# We analyze strange correlations

Recently I noticed a link to an article in a Facebook feed with a bunch of examples of “strange correlations” like in the picture. The source is here , and there are about 20 such examples. I decided to practice in statistics and check how surprising these correlations really are.

Interested please under cat.

#### We remove trends

If two indicators grow all the time, then they will have a positive correlation, and this is not surprising. Correlation needs to be measured in stationary variables. To remove trends, I built a linear regression from time to time for each indicator, subtracted from the actual data and checked the correlation of the residuals.

In some cases, the correlation is greatly reduced:

In others, nothing has changed:

So there must be something else!

By the way, I noticed that there are significantly more positive correlations than negative ones. I think the fact is that in the database of indicators used by the author, there are a lot of growing indicators. People generally like to measure something growing. As a result, a bunch of indicators for which the “residuals from the trend” have a strong negative correlation were not found, since the coincident positive trend shifted the correlation closer to zero.

#### What is the probability of getting such a correlation by chance?

Here we take up the formulas! It turned out that on average in these variables there are 11 points and after correction for trends, the average correlation is around 70%. Knowing the correlation and the number of points, you can get a variable that is distributed as a t-student with the number of degrees of freedom n-2:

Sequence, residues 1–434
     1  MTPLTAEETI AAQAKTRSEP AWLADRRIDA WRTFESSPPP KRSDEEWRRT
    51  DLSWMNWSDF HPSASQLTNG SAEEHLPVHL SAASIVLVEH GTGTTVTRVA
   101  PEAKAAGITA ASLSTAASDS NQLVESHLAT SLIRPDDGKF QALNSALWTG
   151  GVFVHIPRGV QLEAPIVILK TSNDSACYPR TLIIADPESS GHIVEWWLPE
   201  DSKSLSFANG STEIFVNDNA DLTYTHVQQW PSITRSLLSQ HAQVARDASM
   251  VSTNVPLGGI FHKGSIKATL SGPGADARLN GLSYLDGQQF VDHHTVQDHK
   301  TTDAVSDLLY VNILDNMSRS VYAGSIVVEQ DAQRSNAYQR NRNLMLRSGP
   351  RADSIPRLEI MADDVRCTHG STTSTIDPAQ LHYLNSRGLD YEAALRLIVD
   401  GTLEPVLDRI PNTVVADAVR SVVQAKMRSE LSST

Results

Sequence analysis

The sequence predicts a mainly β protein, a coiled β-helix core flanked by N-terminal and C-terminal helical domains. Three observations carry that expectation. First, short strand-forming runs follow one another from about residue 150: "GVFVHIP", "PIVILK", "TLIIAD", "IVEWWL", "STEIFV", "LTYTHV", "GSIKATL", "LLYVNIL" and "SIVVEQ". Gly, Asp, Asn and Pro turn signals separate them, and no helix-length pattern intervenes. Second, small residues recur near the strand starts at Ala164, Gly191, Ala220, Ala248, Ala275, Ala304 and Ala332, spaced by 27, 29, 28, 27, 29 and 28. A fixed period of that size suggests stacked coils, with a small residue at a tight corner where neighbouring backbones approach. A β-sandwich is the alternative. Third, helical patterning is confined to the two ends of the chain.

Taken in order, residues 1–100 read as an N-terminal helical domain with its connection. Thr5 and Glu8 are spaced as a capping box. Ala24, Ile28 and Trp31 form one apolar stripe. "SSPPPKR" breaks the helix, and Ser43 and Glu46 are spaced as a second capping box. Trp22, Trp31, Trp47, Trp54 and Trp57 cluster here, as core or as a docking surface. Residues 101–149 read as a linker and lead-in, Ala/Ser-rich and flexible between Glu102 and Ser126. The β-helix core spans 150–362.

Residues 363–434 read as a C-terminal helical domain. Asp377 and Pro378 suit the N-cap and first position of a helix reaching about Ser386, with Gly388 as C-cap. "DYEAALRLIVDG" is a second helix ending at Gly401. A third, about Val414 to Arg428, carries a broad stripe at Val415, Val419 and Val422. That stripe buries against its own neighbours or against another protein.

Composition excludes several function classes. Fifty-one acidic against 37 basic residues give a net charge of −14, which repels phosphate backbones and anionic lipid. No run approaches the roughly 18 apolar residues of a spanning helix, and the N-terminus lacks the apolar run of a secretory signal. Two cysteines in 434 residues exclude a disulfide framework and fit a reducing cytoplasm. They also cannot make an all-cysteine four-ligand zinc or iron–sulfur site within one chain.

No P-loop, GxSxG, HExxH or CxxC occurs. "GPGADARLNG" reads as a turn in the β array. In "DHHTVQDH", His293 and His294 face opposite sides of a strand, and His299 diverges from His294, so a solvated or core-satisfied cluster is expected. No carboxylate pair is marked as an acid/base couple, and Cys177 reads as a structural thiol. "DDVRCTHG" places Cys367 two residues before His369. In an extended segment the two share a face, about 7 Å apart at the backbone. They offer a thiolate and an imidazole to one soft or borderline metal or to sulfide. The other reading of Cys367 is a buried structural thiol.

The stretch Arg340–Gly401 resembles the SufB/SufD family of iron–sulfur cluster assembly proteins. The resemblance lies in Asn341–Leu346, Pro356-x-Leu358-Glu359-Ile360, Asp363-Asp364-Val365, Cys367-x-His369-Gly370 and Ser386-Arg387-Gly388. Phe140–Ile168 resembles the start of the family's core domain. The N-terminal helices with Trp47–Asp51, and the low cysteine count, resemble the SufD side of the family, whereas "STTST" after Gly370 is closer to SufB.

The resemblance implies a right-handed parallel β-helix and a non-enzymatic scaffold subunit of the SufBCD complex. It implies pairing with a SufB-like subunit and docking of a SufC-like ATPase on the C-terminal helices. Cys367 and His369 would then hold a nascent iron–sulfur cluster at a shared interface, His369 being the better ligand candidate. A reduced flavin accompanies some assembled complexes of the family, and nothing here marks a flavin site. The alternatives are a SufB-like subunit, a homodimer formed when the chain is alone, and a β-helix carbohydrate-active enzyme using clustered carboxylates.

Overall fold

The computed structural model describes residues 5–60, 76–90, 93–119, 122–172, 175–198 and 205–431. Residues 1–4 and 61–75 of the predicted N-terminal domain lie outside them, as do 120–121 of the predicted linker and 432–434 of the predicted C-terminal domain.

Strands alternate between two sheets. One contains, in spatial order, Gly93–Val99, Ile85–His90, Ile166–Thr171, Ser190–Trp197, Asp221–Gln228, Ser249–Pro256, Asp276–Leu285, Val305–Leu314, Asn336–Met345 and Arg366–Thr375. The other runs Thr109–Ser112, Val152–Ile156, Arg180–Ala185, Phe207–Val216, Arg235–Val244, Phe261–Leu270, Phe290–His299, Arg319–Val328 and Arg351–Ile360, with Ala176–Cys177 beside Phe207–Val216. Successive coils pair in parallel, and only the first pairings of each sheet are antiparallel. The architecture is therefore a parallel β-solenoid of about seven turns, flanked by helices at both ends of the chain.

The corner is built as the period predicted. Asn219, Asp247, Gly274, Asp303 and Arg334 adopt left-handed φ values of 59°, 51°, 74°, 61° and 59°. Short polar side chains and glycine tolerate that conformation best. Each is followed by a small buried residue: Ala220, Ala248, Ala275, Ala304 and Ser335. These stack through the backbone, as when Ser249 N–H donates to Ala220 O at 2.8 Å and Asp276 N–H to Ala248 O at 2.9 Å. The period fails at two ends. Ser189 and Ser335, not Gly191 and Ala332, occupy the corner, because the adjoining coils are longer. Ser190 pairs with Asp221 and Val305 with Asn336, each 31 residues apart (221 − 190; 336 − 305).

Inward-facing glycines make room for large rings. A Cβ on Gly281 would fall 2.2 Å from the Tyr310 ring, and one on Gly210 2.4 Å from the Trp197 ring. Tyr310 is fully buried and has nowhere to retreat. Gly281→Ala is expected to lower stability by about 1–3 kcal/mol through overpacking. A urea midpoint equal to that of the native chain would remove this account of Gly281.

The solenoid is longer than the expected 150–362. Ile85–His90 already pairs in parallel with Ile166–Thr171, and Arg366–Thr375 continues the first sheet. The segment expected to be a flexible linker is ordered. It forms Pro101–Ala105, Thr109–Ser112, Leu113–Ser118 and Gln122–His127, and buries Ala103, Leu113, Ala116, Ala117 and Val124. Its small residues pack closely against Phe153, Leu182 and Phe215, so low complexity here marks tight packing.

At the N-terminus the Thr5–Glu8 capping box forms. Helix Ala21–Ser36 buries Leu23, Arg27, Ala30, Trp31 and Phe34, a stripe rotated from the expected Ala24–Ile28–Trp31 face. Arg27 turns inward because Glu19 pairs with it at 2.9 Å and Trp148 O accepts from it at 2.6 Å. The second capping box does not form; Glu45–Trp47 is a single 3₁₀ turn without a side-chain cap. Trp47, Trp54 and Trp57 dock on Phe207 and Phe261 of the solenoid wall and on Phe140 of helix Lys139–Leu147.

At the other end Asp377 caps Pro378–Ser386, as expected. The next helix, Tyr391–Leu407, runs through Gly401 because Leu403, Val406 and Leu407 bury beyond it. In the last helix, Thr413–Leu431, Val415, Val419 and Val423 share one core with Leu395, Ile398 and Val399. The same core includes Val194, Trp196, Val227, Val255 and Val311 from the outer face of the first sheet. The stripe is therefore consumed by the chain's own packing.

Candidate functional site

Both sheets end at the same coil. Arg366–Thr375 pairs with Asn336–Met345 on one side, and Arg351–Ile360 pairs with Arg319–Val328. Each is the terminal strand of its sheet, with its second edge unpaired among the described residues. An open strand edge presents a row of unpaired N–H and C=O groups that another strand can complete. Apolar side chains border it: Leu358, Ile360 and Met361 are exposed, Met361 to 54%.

We get t = 2.98 and the probability of obtaining such a correlation for independent variables is about 0.77%. The resulting figure is quite impressive, but the question is not closed!

#### And what about the twin paradox?

The probability of 0.77% seems too low to believe in an accidental coincidence, but intuition is wrong here. This situation is similar to the well-known birthday paradox. The

probability that two people were born on the same day is 1/365. But among only 23 people with a 50% probability, there will be a couple born on the same day. This happens because we don’t care what kind of two people it will be, and among 23 people you can make many pairs.

The same thing happens with the correlation of various indicators, if it does not matter which of them will correlate. Two random variables will strongly correlate in one attempt out of 65. I multiply the probability by 2, since a correlation below -70% also interests us.

But if you take only 9 random variables (11 points each), then with a probability of 50% there will be a correlation of more than 70% or less - 70%

In practice, I probably had to look at a lot more variables. A lot of indicators can actually or should correlate and filter out the “amazing” ones that were difficult. But after a statistical analysis it is clear that there is nothing surprising in the indicators found. Again, intuition fails a person to assess probability.